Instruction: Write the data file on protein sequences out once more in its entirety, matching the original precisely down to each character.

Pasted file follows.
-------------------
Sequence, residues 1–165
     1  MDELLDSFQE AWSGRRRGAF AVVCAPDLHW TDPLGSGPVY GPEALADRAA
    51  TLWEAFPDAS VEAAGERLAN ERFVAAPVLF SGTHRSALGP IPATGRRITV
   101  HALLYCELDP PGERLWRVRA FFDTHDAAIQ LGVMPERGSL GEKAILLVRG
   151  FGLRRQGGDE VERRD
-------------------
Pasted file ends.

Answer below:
Sequence, residues 1–165
     1  MDELLDSFQE AWSGRRRGAF AVVCAPDLHW TDPLGSGPVY GPEALADRAA
    51  TLWEAFPDAS VEAAGERLAN ERFVAAPVLF SGTHRSALGP IPATGRRITV
   101  HALLYCELDP PGERLWRVRA FFDTHDAAIQ LGVMPERGSL GEKAILLVRG
   151  FGLRRQGGDE VERRD